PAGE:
This tutorial is Part 4 of a 9 part series.
Part 1, What is Y-DNA?
Part 2, Types of Ancestral Markers in Y-DNA
Part 3, STR Markers in Y-DNA
Part 4, STR Markers in Y-DNA - Y-DNA STR Marker Testing <<== You are here
Part 5, STR Markers in Y-DNA - What is Genetic Distance?
Part 6, STR Markers in Y-DNA - What is the Time to Most Recent Common Ancestor (TMRCA)?
Part 7, STR Markers in Y-DNA - Why test more STR markers?
Part 8, SNP Markers in Y-DNA - Y-DNA Haplogroup and Subclade Determination
Part 9, SNP Markers in Y-DNA - Summary of Y-DNA Test Types
Y-DNA STR testing involves testing a panel of different STR markers on the Y-Chromosome (usually 20 or more STR markers). Your Y-DNA haplotype is the specific set of results obtained after testing a set of STR markers on your Y-DNA. For example, if you take the 44 marker Y-Chromosome test, the combined result of all 44 markers is your unique Y-DNA STR marker haplotype and represents the unique genetic code for your paternal ancestral line.
After you test your Y-DNA STR markers, you will receive a certificate which contains your uniqure Y-DNA STR marker profile. Your certificate lists each Y-DNA STR marker that was tested in your Y-DNA. The number on the right of each STR marker is your unique allele value for that marker. The unique pattern of values for all of the Y-DNA STR markers tested is called your Y-DNA STR Profile.
Your Y-DNA STR Profile is unique to your Paternal ancestry. All males who have descended from the same Paternal lineage as you will have exactly the same or very similar Y-DNA STR profile as you, and that is how Y-DNA can conclusively confirm whether someone is related to you on your direct Paternal line.
Using your Y-DNA haplotype to search for or verify family linkages
Your Y-DNA STR marker haplotype is the same or very close to that of all males who have descended from the same forefather as yourself. That means that your father, grandfather and great-grandfathers along your paternal lineage all carry the same Y-DNA haplotype as you. Also, all males living anywhere in the world today who descended from the same forefather as you will have the same or very similar Y-DNA haplotype as you. Once you have tested your Y-DNA STR markers, you can use your haplotype to search for people who are linked to you on your paternal line. You can also use it to verify whether any other male individual descended from the same paternal line as you. Groups of males with the same surname often consider using this test type to see if they have descended from the same male lineage.
Searching for matches
Since all males who descended from the same family line will have the same Y-DNA haplotype, males who have taken the Y-DNA STR test can search the database to see if they match an other male individuals. When a match is found, a TMRCA (time to most recent common ancestor) calculation can be performed to determine approximately how long ago the two male individuals shared a common paternal ancestor. A positive match can help you to find long lost branches in your family tree.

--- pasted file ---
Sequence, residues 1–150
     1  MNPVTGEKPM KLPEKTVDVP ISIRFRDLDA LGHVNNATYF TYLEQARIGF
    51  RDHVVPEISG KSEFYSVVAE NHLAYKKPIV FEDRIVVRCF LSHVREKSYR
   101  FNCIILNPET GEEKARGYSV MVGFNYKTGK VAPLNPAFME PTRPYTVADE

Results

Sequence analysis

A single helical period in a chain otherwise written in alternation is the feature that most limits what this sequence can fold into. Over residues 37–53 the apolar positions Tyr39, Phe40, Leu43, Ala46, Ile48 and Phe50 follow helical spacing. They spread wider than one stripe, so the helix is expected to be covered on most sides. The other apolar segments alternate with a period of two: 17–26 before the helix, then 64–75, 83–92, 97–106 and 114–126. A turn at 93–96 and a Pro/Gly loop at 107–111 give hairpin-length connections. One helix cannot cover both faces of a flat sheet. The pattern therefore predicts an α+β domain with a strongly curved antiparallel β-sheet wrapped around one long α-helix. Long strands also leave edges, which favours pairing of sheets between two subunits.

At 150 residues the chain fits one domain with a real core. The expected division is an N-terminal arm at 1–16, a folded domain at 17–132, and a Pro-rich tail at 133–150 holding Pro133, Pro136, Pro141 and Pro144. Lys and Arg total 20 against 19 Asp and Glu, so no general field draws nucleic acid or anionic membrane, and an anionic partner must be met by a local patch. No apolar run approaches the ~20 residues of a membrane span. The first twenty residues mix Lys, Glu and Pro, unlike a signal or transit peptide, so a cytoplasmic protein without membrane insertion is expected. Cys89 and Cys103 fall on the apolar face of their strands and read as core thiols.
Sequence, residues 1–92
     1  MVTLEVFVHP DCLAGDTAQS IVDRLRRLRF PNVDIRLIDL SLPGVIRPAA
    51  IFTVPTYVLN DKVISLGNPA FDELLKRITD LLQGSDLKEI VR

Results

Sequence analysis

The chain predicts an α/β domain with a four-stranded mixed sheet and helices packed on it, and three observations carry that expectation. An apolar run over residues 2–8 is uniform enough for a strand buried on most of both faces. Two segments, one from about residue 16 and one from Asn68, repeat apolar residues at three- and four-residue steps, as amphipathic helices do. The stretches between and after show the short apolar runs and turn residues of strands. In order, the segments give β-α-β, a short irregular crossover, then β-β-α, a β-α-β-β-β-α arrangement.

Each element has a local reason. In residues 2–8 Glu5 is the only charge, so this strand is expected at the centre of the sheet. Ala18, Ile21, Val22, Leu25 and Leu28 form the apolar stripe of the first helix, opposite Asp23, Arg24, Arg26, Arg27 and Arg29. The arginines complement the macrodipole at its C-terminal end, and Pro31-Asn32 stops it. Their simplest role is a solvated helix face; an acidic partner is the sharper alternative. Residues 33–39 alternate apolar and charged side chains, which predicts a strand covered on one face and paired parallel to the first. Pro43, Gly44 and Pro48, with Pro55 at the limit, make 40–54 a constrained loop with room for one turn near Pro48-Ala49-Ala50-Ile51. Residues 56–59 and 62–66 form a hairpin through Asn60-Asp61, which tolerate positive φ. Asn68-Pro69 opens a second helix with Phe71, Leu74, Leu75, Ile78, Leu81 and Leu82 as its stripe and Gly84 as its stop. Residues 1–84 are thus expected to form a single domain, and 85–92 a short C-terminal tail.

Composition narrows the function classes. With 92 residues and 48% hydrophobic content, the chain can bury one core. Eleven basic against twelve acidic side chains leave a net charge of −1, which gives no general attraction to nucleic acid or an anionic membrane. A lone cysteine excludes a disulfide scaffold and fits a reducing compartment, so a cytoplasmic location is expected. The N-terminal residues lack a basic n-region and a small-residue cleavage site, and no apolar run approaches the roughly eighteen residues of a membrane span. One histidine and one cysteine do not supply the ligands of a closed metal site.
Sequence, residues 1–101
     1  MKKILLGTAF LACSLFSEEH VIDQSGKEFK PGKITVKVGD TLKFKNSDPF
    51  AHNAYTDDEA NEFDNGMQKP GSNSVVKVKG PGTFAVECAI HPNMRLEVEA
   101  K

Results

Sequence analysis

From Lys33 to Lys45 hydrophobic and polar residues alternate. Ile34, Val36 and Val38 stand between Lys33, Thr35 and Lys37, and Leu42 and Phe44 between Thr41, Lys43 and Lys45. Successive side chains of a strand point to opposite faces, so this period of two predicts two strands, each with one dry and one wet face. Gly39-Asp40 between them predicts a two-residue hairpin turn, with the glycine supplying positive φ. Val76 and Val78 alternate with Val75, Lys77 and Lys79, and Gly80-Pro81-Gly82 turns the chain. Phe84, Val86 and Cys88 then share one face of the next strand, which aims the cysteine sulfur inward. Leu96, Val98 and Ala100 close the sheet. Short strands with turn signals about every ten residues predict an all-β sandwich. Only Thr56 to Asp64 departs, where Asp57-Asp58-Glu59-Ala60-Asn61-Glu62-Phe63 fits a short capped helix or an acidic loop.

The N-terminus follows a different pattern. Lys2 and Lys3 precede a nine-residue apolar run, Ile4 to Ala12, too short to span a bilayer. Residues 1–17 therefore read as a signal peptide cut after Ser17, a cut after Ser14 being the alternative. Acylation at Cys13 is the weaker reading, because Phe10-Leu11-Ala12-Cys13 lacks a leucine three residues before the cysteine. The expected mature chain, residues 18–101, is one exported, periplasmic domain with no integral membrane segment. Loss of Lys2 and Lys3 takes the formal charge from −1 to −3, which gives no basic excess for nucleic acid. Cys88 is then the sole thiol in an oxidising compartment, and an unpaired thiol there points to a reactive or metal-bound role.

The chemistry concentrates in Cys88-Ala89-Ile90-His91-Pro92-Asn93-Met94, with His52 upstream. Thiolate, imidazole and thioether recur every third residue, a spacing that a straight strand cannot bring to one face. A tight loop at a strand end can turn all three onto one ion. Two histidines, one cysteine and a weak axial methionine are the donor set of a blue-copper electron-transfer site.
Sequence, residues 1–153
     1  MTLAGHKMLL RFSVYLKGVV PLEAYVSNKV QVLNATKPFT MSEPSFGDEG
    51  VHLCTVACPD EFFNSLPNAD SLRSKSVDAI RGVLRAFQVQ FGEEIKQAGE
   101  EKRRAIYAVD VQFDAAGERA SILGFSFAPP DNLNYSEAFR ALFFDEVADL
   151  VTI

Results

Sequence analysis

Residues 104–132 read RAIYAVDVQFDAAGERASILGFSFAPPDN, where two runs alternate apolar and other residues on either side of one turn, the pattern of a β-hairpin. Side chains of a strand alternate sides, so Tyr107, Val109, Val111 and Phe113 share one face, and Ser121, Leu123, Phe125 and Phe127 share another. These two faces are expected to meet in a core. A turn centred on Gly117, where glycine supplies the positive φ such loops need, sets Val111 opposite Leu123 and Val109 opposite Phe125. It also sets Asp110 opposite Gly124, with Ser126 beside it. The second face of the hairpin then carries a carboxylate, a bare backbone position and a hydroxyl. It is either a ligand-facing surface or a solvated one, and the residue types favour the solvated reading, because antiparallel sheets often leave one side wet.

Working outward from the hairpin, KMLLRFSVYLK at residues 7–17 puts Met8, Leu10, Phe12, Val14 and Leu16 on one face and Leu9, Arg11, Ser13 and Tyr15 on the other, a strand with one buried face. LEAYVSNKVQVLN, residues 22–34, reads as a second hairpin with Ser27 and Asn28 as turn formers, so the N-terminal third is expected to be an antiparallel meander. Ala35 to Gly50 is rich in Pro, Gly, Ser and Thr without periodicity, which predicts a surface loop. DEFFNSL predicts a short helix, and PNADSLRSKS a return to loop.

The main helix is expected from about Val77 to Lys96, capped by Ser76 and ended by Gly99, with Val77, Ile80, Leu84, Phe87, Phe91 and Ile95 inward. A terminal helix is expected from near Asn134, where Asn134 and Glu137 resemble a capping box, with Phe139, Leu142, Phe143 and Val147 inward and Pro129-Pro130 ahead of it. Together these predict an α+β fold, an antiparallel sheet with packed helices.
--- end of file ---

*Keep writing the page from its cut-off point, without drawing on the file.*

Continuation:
What is the Atlantic Modal Haplotype?
Some haploytpes can be seen more frequently in certain parts of the world. For example, people whose ancestors are from the western coast of Europe often share in common a small group of Y-Chromosome STR markers. The group of Y-Chromosome markers which are frequently found in western Europe is called the Atlantic Modal Haploytpe (AMH). The AMH is characterized by the following markers:
DYS19 = 14
DYS388 = 12
DYS390 = 24
DYS391 = 11
DYS392 = 13
DYS393 = 13
More information about the Atlantic Modal Haplotype can be found in Wilson et. Al. Genetic Evidence for Different Male and Female Roles During Cultural Transition in the British Isles. PNAD April 24, 2001 vol. 98, no. 9 pgs. 5078-5083. Click here to download and print a copy of the original article.
The Atlantic Modal Haplotype is tied to the R1b haplogroup.
What is the difference between Y-DNA haplotype and Y-DNA haplogroup?
Y-DNA "Haplotypes" should not be confused with Y-DNA "Haplogroups". An individual’s Y-DNA Haplogroup represents his “deep ancestry”. Y-DNA studies have shown that all males living today are descendents of a single root paternal ancestor who lived in Africa approximately 150,000 years ago. Over time, our ancestors migrated out of Africa in waves and populated the world. All males can be traced to one of less than two dozen main Y-DNA haplogroups (Y-DNA haplogroups are designated by letters, such as "Haplogroup J").
Y-DNA Haplogroups are determined by testing a type of marker in the Y-DNA known as SNP (single nucleotide polymorphism) markers. STR marker testing will not tell you your haplogroup, but in some instances, it can be used to predict your haplogroup as there are some correlations between certain haplotypes and haplogroups. However, confirmation of Y-DNA haplogroups must be made through Y-DNA SNP testing. Haplogroups are useful for scientists who are studying human migration patterns and has archeological value. We will be discussing haplogroups in more detail later in this tutorial.